Tidal goes after Prince’s estate
Roc Nation, the parent company of streaming service Tidal, has filed in Minnesota probate court to uphold what it says are the company’s rights to Prince’s music.
CNNMoney obtained a copy of the petition which was filed Friday.
It outlines an agreement between Tidal — owned by the rapper Jay Z — and Prince made before the pop star’s death in April from an accidental overdose of the opioid fentanyl.
According to the document, Prince granted Tidal worldwide digital streaming rights to his next two “newly recorded and previously unreleased full length studio albums” in 2015.
The singer was well known for protecting his music, pulling it from You Tube and declining streaming services requests.
That changed, apparently, when Tidal came calling.
“After one meeting, it was obvious that Jay Z and the team he has assembled at TIDAL recognize and applaud the effort that real musicians put in2 their craft 2 achieve the very best they can at this pivotal time in the music industry,” Prince said in a statement at the time. “Tidal have honored Us with a non-restrictive arrangement that once again allows Us to continue making art in the fashion We’ve grown accustomed 2 and We’re Extremely grateful 4 their generous support.”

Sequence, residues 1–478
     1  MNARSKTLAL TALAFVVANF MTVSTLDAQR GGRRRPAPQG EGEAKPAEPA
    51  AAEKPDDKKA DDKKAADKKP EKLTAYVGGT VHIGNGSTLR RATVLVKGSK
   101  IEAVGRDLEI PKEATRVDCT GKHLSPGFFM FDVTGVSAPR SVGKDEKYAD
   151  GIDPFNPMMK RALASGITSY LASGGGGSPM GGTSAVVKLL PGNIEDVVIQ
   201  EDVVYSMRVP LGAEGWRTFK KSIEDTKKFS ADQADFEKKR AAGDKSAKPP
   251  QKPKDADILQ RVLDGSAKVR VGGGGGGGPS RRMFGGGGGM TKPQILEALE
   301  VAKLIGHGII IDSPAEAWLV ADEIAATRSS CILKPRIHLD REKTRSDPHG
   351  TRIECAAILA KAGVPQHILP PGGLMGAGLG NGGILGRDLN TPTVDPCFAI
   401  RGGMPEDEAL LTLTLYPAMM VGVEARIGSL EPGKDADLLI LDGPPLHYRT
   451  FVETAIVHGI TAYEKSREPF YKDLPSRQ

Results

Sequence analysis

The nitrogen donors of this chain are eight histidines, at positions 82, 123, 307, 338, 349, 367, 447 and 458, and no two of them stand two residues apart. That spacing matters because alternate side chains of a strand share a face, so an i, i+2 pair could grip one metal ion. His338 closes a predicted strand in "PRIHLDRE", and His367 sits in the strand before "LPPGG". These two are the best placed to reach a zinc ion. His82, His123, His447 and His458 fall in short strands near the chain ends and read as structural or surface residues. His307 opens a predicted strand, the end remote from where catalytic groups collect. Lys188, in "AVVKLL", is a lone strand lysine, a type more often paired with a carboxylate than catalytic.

The petition states that Prince also agreed to give Tidal exclusive streaming access to his catalog of music and videos — and that his name and likeness could not be used to “promote, advertise or market” other streaming services.
In return, Prince was guaranteed an advance payment on the new albums and streaming royalties.
The late musician left behind a trove of unreleased music potentially worth tens of millions of dollars — and there has been speculation for weeks that Jay Z was attempting to purchase that vault.
But those appointed to safeguard Prince’s legacy may be attempting to cut Tidal out.
Universal Music recently announced that it was the exclusive publisher of Prince’s music.
Roc Nation’s petition makes note of that deal and says Tidal was not contacted about it.
“Petitioners are concerned that the the Special Administrator may be negotiating with third parties concerning the digital streaming of the musical assets, or other rights to exploit the musical assets, which prospective arrangements may contravene or negatively impact the rights of the Petitioners,” the document states.
Tidal declined to comment on this story.
Representatives for Prince’s estate were not immediately available.